FILE PHOTO: An oil pump is seen operating in the Permian Basin near Midland, Texas, U.S. on May 3, 2017. Picture taken May 3, 2017. REUTERS/Ernest Scheyder/File Photo
Oil prices slid more than 3 percent on Friday as U.S. futures fell below $60 a barrel for the first time since December on renewed concerns about rising crude supplies.
U.S. and Brent crude futures have slid more than 11 percent from this year’s peak in late January. Brent fell nearly 9 percent for the week while U.S. crude dropped 10 percent, the steepest weekly declines since January 2016.
Futures posted a sixth straight day of losses, wiping away the year’s gains in a string of high-volume trading sessions, pressured by stronger-than-expected supply figures and a surprising ramp-up of the North Sea Forties Pipeline, which shut earlier in the week.
Turmoil on Wall Street also pressured crude. During the trading session, the S&P 500 stock index .SPX fell to its lowest level since Oct. 5. [.N] The S&P recovered to end the day higher, which helped oil bounce off session lows.
U.S. West Texas Intermediate (WTI) crude CLc1 settled down $1.95, or 3.2 percent, to $59.20, the lowest settlement since Dec. 22. The session low for U.S. crude was $58.07. More than 845,000 contracts changed hands in another above-average day for trading volumes.
Brent futures LCOc1 fell $2.02 a barrel, or 3.1 percent, to $62.79 a barrel, its lowest settlement since Dec. 13.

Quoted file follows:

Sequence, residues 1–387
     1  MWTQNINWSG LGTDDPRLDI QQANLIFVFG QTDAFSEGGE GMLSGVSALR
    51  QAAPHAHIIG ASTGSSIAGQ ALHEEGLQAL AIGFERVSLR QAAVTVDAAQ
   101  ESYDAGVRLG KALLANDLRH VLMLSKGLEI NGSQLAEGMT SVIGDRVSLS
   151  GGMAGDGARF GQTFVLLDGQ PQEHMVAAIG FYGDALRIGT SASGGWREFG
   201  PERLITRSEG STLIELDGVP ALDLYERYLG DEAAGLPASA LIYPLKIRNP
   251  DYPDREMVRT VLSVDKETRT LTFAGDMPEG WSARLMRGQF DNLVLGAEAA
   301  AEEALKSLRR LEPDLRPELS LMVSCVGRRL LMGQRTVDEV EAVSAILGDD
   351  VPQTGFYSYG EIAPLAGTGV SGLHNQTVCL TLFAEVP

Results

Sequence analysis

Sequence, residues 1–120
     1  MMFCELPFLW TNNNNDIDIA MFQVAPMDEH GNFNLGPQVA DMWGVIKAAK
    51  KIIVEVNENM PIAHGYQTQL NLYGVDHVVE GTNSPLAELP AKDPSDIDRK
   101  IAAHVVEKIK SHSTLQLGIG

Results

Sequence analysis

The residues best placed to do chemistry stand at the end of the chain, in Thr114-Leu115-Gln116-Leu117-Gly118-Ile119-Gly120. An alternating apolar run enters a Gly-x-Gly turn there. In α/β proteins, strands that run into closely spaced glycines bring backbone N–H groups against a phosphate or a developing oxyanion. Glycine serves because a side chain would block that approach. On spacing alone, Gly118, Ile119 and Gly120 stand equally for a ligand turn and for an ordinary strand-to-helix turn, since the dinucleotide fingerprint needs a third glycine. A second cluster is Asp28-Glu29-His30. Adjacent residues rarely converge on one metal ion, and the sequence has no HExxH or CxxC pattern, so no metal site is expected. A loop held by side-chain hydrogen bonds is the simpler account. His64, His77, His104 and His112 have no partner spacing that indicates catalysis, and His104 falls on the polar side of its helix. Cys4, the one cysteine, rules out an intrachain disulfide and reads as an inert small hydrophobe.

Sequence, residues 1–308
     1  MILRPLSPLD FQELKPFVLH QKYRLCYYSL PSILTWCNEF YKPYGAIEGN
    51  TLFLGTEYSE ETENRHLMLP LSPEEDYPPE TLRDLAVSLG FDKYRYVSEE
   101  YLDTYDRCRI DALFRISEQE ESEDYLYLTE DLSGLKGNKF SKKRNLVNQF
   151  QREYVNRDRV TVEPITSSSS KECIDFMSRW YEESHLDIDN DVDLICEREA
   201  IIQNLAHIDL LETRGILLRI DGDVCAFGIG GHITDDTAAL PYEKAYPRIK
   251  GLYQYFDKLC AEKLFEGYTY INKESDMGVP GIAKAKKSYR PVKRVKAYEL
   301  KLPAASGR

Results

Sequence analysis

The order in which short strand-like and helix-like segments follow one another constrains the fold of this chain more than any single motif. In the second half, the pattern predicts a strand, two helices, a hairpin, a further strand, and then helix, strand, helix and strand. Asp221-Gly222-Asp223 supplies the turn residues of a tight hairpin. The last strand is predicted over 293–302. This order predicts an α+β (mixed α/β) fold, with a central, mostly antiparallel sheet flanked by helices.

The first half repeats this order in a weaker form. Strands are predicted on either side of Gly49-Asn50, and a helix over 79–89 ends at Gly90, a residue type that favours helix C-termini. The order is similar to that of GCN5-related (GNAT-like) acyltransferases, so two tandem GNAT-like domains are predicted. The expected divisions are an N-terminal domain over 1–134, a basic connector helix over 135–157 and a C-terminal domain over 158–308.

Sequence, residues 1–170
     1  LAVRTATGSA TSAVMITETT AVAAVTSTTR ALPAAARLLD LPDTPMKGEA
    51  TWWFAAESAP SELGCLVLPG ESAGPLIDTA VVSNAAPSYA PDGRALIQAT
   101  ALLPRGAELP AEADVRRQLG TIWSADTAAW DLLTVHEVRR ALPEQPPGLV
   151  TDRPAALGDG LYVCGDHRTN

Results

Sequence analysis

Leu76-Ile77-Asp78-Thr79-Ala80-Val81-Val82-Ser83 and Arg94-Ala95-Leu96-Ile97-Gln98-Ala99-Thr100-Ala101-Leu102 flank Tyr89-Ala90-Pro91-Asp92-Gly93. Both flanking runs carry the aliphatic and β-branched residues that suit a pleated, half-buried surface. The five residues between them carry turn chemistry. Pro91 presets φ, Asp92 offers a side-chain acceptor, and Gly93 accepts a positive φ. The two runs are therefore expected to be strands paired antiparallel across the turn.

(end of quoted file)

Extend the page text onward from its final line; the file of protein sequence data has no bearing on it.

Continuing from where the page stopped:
“It’s never just one factor that slams the market like this. It’s several factors,” said Jim Ritterbusch, president of Ritterbusch & Associates.
Oil services company Baker Hughes said total U.S. onshore rigs rose by 26 to 791, highest since January 2017. Drillers have added rigs as oil prices rallied through mid-January.
The market has been pressured by the weak stock market. Also, oil is inversely correlated with the dollar, which has strengthened as equities markets slid.
Crude volumes in the North Sea Forties pipeline continued to ramp up faster than expected following a restart, a trade source told Reuters.
The news that the line will reach full rates over the weekend intensified oversupply worries, said Gene McGillian, director of market research at Tradition Energy in Stamford, Connecticut.
“The idea that it is back up and running normally, combined with the data that show U.S. production is rising, contributes to the overall idea that U.S. production could offset cuts by OPEC,” said McGillian.
Investors were already worried that rising U.S. crude production will overwhelm efforts by OPEC and other producing nations to cut supply. U.S. output rose to 10.25 million bpd in the most recent weekly figures, which if confirmed would represent a record. The Baker Hughes figures should mean still more supply in coming months.
(For a graphic on U.S. shale and record oil production, click here:tmsnrt.rs/2EtJgen)
On Thursday, OPEC member Iran announced plans to boost production within the next four years by at least 700,000 barrels a day.
“We think that surging supply and slowing demand growth will tip the market back into a surplus this year,” analysts at Capital Economics said in a note.